What Brings Us Joy?

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Do you ever have times when a line from Scripture jumps out at you and cannot get past it in your thoughts? One morning this past week was such a time. As I was reading in Proverbs 10, the first line of verse 26 struck me in such a way. It says, “The hope of the righteous brings joy.”

Our hope brings us joy; the anticipation of Jesus’ appearing and all that He has promised us for all eternity.

It’s the specifics of our hope that inspire me when I get out of bed in the morning. They are the reason I am able to joyously look beyond the impact of aging on my body. They are the reason I still feel young at heart and enjoy silliness, laughter, and having fun. Christ has redeemed the inner me and given it eternal life. Time is irrelevant to my spirit; my inner being does not have to age along with my body.

This is why something deep inside me groans when preachers gloss over biblical references to Jesus’ appearing to take us home or when popular authors ignore the matter altogether. Are they not doing a disservice to the body of Christ by keeping the hopes and joys of their audience pinned to the things of this life? I believe so!

A glorious day of redemption is coming (see Rom.  8:23-25). It’s the time we receive our glorified bodies and experience total wholeness not only physically but also emotionally, spiritually, and mentally. It’s when we will be forever free from the very presence of sin.

I cannot wait until I have the opportunity to preach again and excitedly proclaim the joy that comes from focusing on our hope of Jesus’ return to take us home, to the place He is specially preparing for us (see John 14:1-3). What wonder awaits us when we return with Him to earth and experience the incredible joys of the kingdom?

Can we even imagine the excitement of reigning alongside Christ with physical bodies like His?

Yes, our hope should bring us incredible joy. We should be jumping up and down with excitement.

Please Note: I am going to be updating my blog soon with a new title: Our Journey Home. The emphasis will still be on a two-world perspective and include our walk with God in anticipation of unending joy and glory.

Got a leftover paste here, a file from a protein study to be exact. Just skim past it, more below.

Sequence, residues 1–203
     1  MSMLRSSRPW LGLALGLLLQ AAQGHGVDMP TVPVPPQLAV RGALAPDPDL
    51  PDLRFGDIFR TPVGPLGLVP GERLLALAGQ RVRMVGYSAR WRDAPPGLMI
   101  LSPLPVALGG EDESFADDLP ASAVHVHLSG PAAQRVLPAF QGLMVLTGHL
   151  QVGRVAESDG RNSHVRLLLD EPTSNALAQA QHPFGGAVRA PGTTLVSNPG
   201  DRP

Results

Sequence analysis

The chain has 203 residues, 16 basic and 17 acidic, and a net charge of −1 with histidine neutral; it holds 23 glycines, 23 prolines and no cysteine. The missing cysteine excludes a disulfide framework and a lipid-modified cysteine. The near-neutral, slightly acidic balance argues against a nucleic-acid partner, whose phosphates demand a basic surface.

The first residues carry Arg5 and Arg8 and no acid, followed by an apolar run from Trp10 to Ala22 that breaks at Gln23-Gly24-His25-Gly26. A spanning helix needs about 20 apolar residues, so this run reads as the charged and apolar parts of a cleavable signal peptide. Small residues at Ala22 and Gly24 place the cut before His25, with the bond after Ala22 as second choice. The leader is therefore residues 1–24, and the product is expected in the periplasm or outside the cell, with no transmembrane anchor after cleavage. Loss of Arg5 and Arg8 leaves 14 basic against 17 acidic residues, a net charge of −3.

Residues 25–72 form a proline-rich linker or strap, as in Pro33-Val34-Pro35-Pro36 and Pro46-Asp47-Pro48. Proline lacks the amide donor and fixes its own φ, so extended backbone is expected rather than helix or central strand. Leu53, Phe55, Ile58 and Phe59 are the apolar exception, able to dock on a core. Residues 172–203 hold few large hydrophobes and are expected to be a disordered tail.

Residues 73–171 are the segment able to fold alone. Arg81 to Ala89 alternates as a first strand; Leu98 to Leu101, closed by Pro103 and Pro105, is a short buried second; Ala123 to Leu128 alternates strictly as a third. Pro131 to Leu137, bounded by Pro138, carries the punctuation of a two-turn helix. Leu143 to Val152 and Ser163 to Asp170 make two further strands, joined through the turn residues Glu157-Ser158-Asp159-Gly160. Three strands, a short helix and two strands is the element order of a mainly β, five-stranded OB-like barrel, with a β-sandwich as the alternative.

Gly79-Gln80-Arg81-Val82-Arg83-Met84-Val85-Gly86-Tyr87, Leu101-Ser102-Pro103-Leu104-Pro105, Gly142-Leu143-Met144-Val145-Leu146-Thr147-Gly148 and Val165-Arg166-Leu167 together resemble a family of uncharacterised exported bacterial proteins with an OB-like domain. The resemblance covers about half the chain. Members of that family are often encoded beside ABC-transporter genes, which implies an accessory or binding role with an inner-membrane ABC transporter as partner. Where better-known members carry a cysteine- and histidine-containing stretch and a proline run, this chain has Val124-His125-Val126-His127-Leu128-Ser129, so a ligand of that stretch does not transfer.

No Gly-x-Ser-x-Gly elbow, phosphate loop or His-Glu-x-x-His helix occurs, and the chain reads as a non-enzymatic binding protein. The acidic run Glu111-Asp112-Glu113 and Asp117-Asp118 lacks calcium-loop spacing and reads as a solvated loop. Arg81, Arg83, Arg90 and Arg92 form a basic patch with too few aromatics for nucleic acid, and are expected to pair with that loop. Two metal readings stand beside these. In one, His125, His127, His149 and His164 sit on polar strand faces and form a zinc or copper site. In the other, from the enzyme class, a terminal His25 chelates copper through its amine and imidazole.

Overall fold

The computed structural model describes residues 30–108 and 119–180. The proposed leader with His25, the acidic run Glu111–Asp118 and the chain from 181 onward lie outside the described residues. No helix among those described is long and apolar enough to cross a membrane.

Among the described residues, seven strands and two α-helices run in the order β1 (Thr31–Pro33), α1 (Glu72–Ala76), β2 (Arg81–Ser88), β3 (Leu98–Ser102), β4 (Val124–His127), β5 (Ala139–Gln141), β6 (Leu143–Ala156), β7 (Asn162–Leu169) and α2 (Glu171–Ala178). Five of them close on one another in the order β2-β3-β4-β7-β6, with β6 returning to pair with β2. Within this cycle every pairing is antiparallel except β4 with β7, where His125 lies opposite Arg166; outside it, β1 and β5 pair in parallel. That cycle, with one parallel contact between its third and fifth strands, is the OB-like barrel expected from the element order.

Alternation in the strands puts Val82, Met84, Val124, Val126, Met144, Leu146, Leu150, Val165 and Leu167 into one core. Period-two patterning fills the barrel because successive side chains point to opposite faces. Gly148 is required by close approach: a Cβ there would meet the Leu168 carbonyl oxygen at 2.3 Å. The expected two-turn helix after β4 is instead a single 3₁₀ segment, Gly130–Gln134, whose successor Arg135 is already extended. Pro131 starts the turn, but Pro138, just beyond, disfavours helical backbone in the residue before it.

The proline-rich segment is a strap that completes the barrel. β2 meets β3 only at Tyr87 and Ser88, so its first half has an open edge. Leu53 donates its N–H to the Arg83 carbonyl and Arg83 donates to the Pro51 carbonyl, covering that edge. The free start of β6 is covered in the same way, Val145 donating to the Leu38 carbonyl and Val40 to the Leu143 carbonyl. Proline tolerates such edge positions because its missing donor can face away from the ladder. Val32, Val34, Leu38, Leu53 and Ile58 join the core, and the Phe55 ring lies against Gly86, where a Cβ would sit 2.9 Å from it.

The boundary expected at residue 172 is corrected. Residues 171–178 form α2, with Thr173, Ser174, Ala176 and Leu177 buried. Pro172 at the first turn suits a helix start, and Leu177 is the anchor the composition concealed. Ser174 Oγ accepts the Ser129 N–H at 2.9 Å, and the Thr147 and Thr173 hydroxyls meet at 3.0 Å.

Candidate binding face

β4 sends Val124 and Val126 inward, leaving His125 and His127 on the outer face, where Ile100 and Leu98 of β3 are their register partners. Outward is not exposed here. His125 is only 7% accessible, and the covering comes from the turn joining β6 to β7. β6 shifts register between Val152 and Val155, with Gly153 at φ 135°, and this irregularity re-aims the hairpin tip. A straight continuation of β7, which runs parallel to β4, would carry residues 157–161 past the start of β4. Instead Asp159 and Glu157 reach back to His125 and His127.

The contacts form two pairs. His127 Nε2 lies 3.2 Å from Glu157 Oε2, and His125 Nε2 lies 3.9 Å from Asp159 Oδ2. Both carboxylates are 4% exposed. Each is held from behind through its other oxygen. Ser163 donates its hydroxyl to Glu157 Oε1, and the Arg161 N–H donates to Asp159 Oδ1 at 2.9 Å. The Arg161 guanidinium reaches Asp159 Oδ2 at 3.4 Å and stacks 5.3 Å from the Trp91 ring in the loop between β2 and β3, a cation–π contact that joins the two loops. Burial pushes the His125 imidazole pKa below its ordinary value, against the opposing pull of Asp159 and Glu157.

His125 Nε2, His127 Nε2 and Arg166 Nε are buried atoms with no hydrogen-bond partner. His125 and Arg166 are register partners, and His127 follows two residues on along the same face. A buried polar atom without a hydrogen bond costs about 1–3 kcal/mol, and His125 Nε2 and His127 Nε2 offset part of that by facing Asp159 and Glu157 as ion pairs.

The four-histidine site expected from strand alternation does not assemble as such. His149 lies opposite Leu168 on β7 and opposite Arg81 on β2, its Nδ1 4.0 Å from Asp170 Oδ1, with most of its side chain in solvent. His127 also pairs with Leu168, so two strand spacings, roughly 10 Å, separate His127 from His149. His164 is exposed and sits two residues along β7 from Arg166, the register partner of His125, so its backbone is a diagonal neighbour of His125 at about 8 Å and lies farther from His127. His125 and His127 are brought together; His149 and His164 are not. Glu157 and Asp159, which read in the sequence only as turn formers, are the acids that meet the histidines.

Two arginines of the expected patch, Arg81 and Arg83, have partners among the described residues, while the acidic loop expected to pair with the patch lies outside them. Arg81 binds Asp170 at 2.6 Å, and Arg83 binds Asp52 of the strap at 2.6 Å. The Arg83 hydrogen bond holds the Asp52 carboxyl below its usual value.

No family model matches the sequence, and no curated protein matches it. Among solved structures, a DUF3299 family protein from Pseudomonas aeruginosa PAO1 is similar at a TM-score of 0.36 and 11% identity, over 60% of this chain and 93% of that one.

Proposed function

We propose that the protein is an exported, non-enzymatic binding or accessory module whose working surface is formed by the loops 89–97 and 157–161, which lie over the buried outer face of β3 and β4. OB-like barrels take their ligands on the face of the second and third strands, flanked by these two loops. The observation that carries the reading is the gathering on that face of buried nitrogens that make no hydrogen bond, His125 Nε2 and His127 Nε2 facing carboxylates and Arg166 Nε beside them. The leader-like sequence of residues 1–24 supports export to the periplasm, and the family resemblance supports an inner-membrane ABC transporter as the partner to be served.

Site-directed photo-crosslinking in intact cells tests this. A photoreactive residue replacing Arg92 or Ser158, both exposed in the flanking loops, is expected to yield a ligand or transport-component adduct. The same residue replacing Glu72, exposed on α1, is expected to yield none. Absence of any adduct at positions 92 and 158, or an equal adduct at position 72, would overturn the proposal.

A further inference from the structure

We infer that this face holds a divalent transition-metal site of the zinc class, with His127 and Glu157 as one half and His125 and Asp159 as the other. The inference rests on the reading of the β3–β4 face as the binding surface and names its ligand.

What If Jesus Said “Relax Guys . . . ?

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Perhaps one of the more perplexing matters in the New Testament is the sense of imminent expectation regarding the Lord’s return.  We see this all through its pages.

Jesus said, “Therefore you also must be ready, for the Son of Man is coming at an hour you do not expect” (Matt. 24:44). Jesus instructed His disciples to expect His appearing at any moment.

All through the epistles, we read of the New Testament saints eagerly watching for the Savior’s appearance (see Rom. 8:23; Phil. 3:20; 1 Thess. 1:9-10; and Titus 2:11-13). It’s clear that those who read the apostles’ letters anticipated Jesus’ return at any moment, too.

Yet, 2,000 years have passed since then. How do we understand Jesus’ command the expectancy of the New Testament saints?

What if we look at it from another perspective? What if . . . ?

What if Jesus had said this to His disciples? “Relax guys; it’s going to be a very long time until I return. It may be one or two thousand years before the world sees me again.”

What would have been the consequences if Christ had told His disciples of the long delay in His return with no need to watch for His imminent appearing?

1. No Urgency to Share the Gospel

With such a mindset, do you think the apostles would have been so determined to spread the Good News of salvation throughout the world? Would they have turned it upside down?

I don’t think so.

C. S. Lewis said this about the eternal perspective that motivated the apostles: